Christian Education Corner by Dave Powell, Eugene Friends About two years ago, the NWYM Christian Education Board was asked what we had for teacher training. One of our local churches wanted something to help train new Sunday school teachers. I felt that what we had to offer was not adequate and did not address the needs of the new or inexperienced Sunday school teacher. As a board, we decided we would like to have something to offer churches, who desire teacher training, something from our own yearly meeting. We have a number of very good and gifted teachers with an abundance of experience, who could offer expertise to those in search of teacher training. What we came up with is a DVD that is simply titled: Northwest Yearly Meeting Board of Christian Education Teacher Training DVD, 2011. If your church has not received a copy of the DVD, contact us. The DVD has ten chapters or topics. The first session is titled “Just Starting Out,” and the last session is titled “Why Teach.” In between are topics such as “Filling Your Toolbox,” “Reaching Different Learning Styles” and “Working Through Obstacles.” The DVD is over one hour long, so I would recommend that the Christian education committee in your church not plan on covering the entire DVD in one sitting, but use it as a discussion starter so those in your group can talk about the material, encourage one another, and brainstorm how to make your Sunday school classes more interesting. If your church is like the one I attend, Eugene Friends, there are dedicated Sunday school teachers teaching all age groups, from pre-school to adult classes. In our adult classes we have some learners who are approaching the centurial age. To offer the teachers that lead these classes some extra tools and encouragement can do a lot to improve these classes where Jesus Christ is taught. In one of the sessions on the DVD, Penny Krueger from Lynwood Friends tells the moving story of a five-year-old boy; the subject for that day was those who teach us about Jesus. When the class was asked, “Who teaches you about Jesus?” the little boy responded to his teacher’s question by saying, “No one teaches me about Jesus, except you.” It is the desire of the Christian Education Board that you find this DVD useful as well as an encouragement to those who teach.

Connection ••July/August 2010 2012 Connection February–March

Dave Powell serves on the Board of Christian Education for NWYM. Dave is currently teaching an adult Sunday school class, is married to Debbie (38 years), and has four grown children. Dave has been attending Eugene Friends Church for about 30 years.

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On Our Way Rejoicing by Becky Ankeny, NWYM superintendent

Becky Ankeny


We have stewardship committees in our churches. This committee prepares the budget, supervises the church treasurer, makes sure the books are audited, helps people with estate planning, provides retirement coverage for their minister. Three members of this committee are trustees. Trustees care for the church facility—they buy or sell church property, buy insurance, pay taxes, keep records, employ the custodian, and make policy about the use of the building and property. Christians are accustomed to hearing about the stewardship of material goods, and we recognize the generosity that improves the lives of others as a sign of our faith. This is a crucial part of stewardship. But it isn’t the whole of what stewardship means. Less obvious, but still true, is that a steward holds responsibility for all those people he or she has influence or power over. So, for instance, parents hold their children in trust for God. The children belong to God and parents are stewards of them, providing for them what they need to find it easy to trust God, bringing them to God for blessings, and teaching them their own responsibility to hear and obey God. Children in turn, at some point, can become stewards of their parents as well. Pastors are stewards of the congregation, who belong individually and collectively to God. Elders are also stewards of the congregation. Both pastor and elders hold in trust from God the gifts and callings of the individuals in the congregation. They need to identify, encourage, and provide openings for the exercise of the gifts God has given to each person. The congregation as a whole holds the pastor, the elders, and the ministry of the church in trust from God, also. The congregation is responsible for discerning together the actions they will take together in relationship to each other and in their surrounding communities. Employers are stewards of their employees. Employees are stewards of their employers. Teachers are stewards of their students; students are stewards of their teachers. Wives are stewards of their husbands. Husbands are stewards of their wives. Doctors and nurses are stewards of their patients and of each other; patients are stewards of their medical providers. Police are stewards of their communities, and communities are stewards of their police. And so on. All we have and are belongs to God. We are stewards in God’s kingdom. Every relationship we are part of makes us a steward of that other person’s gifts and possessions. We owe it to each other to hold each other in trust for God. • Northwest Yearly • Northwest YearlyMeeting MeetingofofFriends Friends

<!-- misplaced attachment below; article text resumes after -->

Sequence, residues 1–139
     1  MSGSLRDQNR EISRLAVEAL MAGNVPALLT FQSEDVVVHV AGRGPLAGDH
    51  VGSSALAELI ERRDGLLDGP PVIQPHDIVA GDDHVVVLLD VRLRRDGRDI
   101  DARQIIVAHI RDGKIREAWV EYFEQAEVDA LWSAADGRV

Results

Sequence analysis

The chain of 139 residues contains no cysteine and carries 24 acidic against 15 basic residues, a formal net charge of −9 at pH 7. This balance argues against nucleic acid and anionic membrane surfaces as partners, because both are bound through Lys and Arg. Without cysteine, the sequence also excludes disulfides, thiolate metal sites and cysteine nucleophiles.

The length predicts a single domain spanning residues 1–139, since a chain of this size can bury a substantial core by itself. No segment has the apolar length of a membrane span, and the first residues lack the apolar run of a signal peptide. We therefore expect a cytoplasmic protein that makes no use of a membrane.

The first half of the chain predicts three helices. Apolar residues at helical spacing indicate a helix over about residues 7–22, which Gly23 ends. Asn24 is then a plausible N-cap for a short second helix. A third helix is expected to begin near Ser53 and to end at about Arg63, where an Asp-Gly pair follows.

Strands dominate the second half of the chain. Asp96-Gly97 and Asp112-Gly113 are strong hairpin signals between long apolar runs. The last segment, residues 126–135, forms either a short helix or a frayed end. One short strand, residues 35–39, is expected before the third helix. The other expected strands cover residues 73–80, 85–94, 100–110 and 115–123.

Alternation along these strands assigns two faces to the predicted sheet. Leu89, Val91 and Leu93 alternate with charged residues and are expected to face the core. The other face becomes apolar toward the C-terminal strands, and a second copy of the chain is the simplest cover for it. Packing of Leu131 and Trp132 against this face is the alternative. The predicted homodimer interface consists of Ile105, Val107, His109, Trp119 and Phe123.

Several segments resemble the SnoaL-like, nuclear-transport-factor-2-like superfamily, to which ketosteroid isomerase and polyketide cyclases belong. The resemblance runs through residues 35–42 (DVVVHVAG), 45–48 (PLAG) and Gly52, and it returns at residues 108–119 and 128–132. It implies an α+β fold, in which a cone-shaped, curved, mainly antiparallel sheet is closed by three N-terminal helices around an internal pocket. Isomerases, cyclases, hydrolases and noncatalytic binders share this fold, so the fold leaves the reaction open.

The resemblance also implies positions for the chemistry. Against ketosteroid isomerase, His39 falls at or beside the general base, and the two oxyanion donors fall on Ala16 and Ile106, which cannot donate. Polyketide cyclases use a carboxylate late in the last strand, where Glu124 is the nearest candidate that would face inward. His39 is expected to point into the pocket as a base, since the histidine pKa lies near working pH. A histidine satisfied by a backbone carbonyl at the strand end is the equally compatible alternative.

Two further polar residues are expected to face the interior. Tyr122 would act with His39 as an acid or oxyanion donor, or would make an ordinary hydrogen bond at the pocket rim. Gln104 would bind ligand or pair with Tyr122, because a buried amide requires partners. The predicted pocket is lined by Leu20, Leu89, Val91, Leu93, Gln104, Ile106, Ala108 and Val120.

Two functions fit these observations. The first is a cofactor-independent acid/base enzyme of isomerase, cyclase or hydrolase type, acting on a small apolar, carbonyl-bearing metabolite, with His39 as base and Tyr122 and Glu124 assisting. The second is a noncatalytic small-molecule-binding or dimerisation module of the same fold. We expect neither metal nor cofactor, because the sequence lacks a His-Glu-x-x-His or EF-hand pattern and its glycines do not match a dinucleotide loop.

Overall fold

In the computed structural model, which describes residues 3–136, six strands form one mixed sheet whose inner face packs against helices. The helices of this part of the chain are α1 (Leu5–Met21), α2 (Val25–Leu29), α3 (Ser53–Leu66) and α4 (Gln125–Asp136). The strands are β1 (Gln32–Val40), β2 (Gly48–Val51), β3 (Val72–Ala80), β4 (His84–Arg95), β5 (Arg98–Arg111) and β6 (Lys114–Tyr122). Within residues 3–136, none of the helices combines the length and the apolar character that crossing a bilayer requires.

photo by Joel bock

In the parables, Jesus frequently talks about stewards. Key to understanding the steward’s role is recognizing that he or she acts to benefit the property of the real owner.

photos by K atie K rueger

How can we tell we are being good stewards of our own and our neighbor’s gifts and goods? Of our church’s human and physical resources? We can look to see whether, to paraphrase Robert Greenleaf in Servant Leadership, the people in our families, our churches, our communities, our nation, and our planet are freer, healthier, better off, and more generous than they were at this time last year. We can ask ourselves: what have I personally done to set myself or my neighbor free to love and obey God more fully? How have I used my resources to build the kingdom of God? Ultimately, stewardship is about love. When we love God, we learn to love God’s world and the people in it with the eye of caretakers. We make sure to set free as much of their potential for God’s kingdom as we can. We care for and enjoy the good gifts God has given us, and we take care of them for God.

Midwinter in Metolius!

From top left clockwise: taking a break while serving on the Warm Spring reservation; playing games at Metolius Friends; moving wood on the service trip; gathering around a fire near the Warm Springs reservation.

Connection ••July/August 2010 2012 Connection February–March

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John 15:14 niv

“You are my friends if you do what I command.”

Member of Evangelic al Friends church North Americ a

A publication of the NWYM Board of Communication. Joel Bock, editor.

tel 503.538.9419

On Our Way Rejoicing.......................... 14–15

Christian Education Corner........................13

Daily Gratitude........................................... 12

Updates, News & Announcements.....10–11

Latino Ministries Update............................9

Pondering Paradigm Shifts.........................8

Stewardship and Missions......................6–7

Tilikum Returns to NWYM.......................... 5

Prayer of Blessings......................................4

Plain & Simple............................................. 3

Stewardship in the Sanctuary.................. 1–2

Inside this issue…


200 N Meridian St. Newberg, OR 97132

Northwest Yearly Meeting of Friends

Non-Profit Org. U.S. Postage PAID Portland, OR Permit No. 98

February–March 2012 Connection  

Volume 5, Issue 1